Tuesday, January 1, 2013

10) Things Get REALLY Outta Control!

I'd decided that if I was going to go to the trouble of new engine cases and gearbox, then I should go all out. The objective was to make the bike 'mint'! And go as good as it looks! It had 82rwhp before so, with some careful tuning, 95+ might potentially be achievable. 

And so, armed with only a laptop and my trusty credit card I went completely nuts. Most of the stuff I bought new and was soon winging its' way to NZ from the 4 corners of the globe. I figured I'd go "OMG What have I done???" when I got my credit card bill!

I think I mentioned I'd already got, courtesy of Muzza Bikes:
• New crank cases with close ratio gearbox (this would requite a change to the later master & slave cylinder set-up). The original balanced crankshaft, alternator and cover retained
• Marchesini 5 Spoke front wheel
• Keihin 41mm FCR flat-slide carbs (split) with Malossi short manifolds
• 45mm high rise spaghetti exhaust with carbon (Akrapovic?) mufflers, which I had polished
• Ported and polished heads
Muzza also sourced for me: 
• Late model Brembo Rotors with cast iron discs
• ‘95 Upper Triple Clamp in his own brushed stainless finish.
And from Muzza's personal Supersport, which he had converted to a Superbike front end  
• '95 900sSupersport forks with Race-tech valves 
• Muzza Bikes specially modified speedo drive =)
• Brembo Gold calipers 

On top of all that, I also bought (or had made): 
MBP valve collets for my heads, and
• New Ducati Performance cams, plus
900SSie adjustable pulleys
 K&N Pod Filters
 '02 Supersport lower triple clamp and axle
• Braided brake lines lines (front and rear)
• New (Gold-line) brake and clutch master cylinder
• Mad Duc clutch cover 
• Clutch case cut outs (by Rob Selby ex Britten)
• Barnett aluminium clutch basket 
• Motorize (Germany) aluminium clutch plates 
• Rizoma billet clutch pressure plate
• Ducati 400SS flywheel (machined and lightened by Rob Selby) 
• TPO stainless steel engine bolts
• Ignitech computer adjustable ignition 
• Ducati Monster S4R oil cooler with S2R braided lines
CNC milled rearsets 
Shorai lightweight battery
LED Indicators
Ilmberger (Germany) Carbon Hugger
Ilmberger (Germany) Carbon 888SP2 front mudguard
Carbonworld (Germany) Vented Sprocket Cover
Billet bar ends

I still had to source:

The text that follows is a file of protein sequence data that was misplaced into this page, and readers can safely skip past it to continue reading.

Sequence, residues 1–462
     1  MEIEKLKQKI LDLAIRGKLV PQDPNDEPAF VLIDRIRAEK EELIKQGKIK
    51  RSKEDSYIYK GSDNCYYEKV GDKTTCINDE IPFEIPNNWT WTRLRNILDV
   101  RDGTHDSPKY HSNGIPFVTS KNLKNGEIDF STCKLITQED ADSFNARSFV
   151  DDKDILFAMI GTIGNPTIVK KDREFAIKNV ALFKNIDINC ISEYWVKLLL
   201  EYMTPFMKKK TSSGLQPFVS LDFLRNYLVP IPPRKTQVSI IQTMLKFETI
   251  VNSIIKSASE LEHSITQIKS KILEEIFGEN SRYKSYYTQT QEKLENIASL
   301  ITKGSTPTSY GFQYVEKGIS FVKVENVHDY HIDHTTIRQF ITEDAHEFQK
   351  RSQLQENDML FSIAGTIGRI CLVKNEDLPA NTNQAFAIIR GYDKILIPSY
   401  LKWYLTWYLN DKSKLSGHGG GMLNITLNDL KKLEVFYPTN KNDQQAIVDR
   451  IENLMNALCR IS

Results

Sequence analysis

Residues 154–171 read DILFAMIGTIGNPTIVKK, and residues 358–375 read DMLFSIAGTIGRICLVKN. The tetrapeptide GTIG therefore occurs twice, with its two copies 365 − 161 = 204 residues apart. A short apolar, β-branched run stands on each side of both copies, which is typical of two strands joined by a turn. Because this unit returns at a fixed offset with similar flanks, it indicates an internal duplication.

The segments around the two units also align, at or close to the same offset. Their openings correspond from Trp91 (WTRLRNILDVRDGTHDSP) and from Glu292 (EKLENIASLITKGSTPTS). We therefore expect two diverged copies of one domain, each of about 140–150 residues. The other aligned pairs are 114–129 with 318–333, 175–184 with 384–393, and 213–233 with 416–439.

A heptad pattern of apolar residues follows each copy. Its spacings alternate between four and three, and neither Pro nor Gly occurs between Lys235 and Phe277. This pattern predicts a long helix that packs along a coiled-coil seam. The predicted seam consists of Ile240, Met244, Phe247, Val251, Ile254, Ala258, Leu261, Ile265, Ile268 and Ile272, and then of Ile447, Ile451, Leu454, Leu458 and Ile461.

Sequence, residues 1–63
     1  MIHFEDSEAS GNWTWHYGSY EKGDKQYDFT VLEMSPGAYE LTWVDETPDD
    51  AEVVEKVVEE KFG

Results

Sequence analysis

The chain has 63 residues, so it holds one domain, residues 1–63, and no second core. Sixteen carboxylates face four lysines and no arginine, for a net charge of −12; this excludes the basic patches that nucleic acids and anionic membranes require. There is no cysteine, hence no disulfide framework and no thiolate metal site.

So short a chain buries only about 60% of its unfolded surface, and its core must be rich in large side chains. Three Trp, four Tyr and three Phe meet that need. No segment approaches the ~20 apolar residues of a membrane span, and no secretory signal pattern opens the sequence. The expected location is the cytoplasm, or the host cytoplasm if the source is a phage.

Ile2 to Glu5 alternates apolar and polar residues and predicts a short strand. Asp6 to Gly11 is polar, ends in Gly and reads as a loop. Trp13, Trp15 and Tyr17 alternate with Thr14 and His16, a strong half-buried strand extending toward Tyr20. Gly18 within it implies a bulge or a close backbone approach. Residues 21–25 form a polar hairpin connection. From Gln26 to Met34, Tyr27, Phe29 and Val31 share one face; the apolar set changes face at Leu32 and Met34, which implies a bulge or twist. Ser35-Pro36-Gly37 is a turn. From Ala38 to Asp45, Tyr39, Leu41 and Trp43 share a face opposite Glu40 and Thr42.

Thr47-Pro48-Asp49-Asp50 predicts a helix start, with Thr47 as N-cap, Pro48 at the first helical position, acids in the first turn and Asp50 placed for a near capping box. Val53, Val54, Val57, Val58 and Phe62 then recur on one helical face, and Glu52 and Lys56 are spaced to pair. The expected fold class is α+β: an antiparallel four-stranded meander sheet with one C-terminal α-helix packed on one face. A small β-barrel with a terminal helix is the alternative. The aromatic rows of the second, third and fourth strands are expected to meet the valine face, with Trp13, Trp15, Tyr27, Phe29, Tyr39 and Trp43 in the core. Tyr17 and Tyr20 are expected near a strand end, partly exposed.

- Coils
- Plug leads
- A Re-covered seat and
- A Ducati speedo

And this is what some of those bits and pieces looked like.

9) The Rebuild Begins

I was very fortunate not to suffer serious damage in the quakes and the Insurance Company agreed to pay for the cosmetic damage to the bike. I couldn't exactly ride it with a fine oil mist spraying onto my boot, and the bike had developed a bad smoking habit,  so I decided to go all out and make it into the bike I always wanted.

Enter Murray Sutherland from Muzza bikes. Already my Ducati-part “drug dealer” Muzza supplied me the 1000SS swingarm and rear wheel, a front wheel to match and a whole of lot of other bits and pieces, which I didn't need, over the years.

The plan was to have Muzza do the valve guides, port and polish the heads and paint the motor. And so began the strip down.

Typically, immediately we found things awry. Pulling the motor out revealed some previous ugly repairs to the engine cases.
Front motor mount repairs, not done to a high standard! 
And further inspection revealed a worn-out gearbox...

Of course Muzza just happened to have a newer set of cases with a close ratio box, and a big bore exhaust system sitting in the corner of the workshop. 

And so it began...

First I prepped the motor before it went off to the media blaster. This is where I made my first mistake.

Learn from my Mistake 

I used a guy who did Walnut Blasting because I didn't want to use harder media (sand, beads, etc) or Soda (not inert enough). While the finish was fine, despite me having sealed my motor to the best of my ability, Walnut ended up everywhere! Had I not been replacing the bearings in my motor, I would not have been very happy! Ducati motors are pretty porous too so you need to use something which is as lightly abrasive as possible.  

In hindsight, I would have tried Vapour Blasting. Another name for this process is vaqua blasting, (US friends use vapor when searching.) It uses beads mixed with water and sometimes solvents. The water also helps keep the part cool as blasting imparts heat. Visually the results are stunning, but obviously try this at your own risk. I'd be interested in any comments as to your experience, especially from people in New Zealand.

8) Earthquakes!

In September 2010 Christchurch suffered a 7.3 magnitude Earthquake. This was followed in February 2012 by a 6.3 which was even more destructive.

While my house was in one of the less affected areas of town - the Earthquakes wrought terrible destruction. The Superdue fell over in the Feb quake suffering minor damage. The right side fairing and tail fairing were damaged, the RH minor and indicator broke, the frame was dented and the sidestand bent. It must've fallen on that first when it jumped off its race stand.  
Actually it was amazing it (and my garage) didn't burn to the ground because the bike was on the battery charger that day and, when it fell over, the tank hit the ground, the entire filler cap broke out of the tank and petrol spilled everywhere. I'm sure petrol vapour and live electricity are not a good combination, but it clearly want the bike's time. One of the cylinder heads also got whacked and an an oil leak appeared when I started the bike. Damn.